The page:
Eating Less Could Extend Your Life By 20 YearsThu 05 Jul 2012
Story by Food Revolution Team
Research Suggests Eating Less Could Extend Your Life by 20 Years
A recent study which looked into how genetics and lifestyle can be adapted to offset the effects of ageing has reported that eating 40% less food could extend a person’s life by 20 years.
Researchers at the Institute of Healthy Ageing at University College London (UCL) are studying genetics and lifestyle factors, including diet, and how to develop treatments to combat ageing and extend the healthy lifestyle of humans.
While these researchers are not investigating cancers, arthritis, or diabetes they believe that these are all symptoms of one common cause – ageing - and that by treating the “disease” of ageing, they may also be able to treat these diseases.
Through their investigations on the effects of ageing in organisms such as fruit flies, mice, rats and yeast worms, researchers at UCL have found that modified diets can prolong healthy lifespan. These results indicate that such treatments may have beneficial effects for humans, as these organisms share some of the same genes as humans and age in similar ways.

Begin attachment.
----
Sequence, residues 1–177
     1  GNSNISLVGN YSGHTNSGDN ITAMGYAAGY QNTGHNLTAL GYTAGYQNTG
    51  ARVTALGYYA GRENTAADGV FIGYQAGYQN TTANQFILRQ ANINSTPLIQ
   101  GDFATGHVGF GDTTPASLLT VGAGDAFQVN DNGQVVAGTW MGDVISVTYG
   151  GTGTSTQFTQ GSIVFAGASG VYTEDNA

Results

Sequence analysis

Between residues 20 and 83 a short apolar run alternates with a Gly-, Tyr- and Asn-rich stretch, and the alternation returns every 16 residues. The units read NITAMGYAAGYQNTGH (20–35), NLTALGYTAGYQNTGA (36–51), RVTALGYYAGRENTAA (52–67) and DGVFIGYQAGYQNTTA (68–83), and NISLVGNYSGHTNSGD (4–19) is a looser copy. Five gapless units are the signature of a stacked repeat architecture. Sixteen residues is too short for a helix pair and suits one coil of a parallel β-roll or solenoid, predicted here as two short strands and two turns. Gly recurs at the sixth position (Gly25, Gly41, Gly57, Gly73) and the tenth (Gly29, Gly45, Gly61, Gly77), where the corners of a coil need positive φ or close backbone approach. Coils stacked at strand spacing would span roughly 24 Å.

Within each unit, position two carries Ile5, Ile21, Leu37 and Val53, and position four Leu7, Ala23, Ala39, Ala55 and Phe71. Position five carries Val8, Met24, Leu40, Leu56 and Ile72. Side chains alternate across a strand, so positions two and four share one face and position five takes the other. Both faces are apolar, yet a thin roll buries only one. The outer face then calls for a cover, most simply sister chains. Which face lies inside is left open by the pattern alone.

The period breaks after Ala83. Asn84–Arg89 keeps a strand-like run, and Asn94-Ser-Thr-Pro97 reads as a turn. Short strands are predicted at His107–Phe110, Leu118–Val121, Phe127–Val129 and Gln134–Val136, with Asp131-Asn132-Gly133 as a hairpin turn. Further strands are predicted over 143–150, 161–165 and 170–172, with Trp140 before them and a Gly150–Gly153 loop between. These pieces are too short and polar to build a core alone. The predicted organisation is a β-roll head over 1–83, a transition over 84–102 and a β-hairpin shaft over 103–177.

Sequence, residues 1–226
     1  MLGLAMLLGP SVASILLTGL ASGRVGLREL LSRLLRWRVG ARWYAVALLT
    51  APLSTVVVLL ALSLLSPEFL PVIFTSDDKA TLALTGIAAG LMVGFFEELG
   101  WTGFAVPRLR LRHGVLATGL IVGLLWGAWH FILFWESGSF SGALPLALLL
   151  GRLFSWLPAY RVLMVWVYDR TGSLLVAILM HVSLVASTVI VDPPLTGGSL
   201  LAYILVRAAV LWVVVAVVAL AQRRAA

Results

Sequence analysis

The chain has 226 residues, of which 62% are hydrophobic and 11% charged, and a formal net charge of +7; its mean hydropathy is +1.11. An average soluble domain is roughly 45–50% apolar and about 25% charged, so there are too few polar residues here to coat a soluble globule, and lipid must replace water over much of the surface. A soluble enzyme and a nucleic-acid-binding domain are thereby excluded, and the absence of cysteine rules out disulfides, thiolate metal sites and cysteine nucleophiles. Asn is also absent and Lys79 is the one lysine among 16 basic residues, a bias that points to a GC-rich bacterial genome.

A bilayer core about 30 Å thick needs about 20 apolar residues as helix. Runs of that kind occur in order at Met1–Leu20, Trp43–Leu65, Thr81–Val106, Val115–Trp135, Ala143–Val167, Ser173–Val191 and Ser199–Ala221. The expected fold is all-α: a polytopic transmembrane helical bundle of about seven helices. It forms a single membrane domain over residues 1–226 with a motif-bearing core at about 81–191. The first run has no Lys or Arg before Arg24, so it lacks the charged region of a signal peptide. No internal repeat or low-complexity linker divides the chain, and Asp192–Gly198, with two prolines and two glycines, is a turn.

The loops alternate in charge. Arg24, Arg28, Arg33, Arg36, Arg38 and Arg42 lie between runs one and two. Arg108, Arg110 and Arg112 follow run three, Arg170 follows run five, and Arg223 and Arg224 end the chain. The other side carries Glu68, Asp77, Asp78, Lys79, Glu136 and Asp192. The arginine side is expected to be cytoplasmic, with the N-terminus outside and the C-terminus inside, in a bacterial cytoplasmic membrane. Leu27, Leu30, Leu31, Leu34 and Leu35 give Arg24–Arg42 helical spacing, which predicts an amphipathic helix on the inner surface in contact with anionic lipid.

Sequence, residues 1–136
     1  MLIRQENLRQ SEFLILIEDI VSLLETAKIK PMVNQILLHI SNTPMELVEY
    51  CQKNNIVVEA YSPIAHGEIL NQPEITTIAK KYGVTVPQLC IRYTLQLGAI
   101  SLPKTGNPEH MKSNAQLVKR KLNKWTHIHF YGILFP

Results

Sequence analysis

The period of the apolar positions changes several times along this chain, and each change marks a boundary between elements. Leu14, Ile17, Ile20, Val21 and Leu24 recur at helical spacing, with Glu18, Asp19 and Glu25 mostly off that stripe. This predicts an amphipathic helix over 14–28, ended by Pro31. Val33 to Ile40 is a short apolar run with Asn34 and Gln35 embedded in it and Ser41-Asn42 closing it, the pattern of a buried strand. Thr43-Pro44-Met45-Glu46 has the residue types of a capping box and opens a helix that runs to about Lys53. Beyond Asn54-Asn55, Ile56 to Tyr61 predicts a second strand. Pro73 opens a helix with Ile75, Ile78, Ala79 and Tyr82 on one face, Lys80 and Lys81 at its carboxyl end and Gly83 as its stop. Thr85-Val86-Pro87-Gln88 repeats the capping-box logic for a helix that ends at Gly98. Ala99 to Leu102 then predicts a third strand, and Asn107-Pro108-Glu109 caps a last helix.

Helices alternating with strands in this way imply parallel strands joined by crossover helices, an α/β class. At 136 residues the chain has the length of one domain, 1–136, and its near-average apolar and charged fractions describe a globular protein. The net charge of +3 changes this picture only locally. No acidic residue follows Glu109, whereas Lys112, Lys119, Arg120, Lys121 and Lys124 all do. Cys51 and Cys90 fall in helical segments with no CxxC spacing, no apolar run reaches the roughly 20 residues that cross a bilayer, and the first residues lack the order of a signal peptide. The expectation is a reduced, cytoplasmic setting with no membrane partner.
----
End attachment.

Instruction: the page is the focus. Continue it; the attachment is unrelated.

According to lead researcher Dr Piper “If you reduce the diet of a rat by 40 per cent it will live for 20 or 30 per cent longer. So we would be talking 20 years of human life.”
This field of study requires much more research, Dr Piper reports that it is "all theoretical at the moment" and for the time being "there is no timeline on when it could be used for humans."
Scientists at the UCL will continue to investigate this area and human ageing, and focus on how genetics, lifestyle and particularly diet can be changed to slow the ageing process and extend the healthy lifestyle of humans, adding years or even decades to a person’s life.
Although there is much more research to be done in this area before the results can be transitioned into effective advice and treatment for humans, it is another talking point for how important our diet is and the impact of what we eat, and how much we eat, has on our quality of life and life expectancy.
Let us know what you think by posting on our Food Revolution Community page or joining the #foodrevolution conversation with @foodrev on twitter.
Find out more here.
The Food Revolution Team Images: Taken from The Institute of Healthy Ageing Blog, University College London Website and the Institute of Healthy Ageing.
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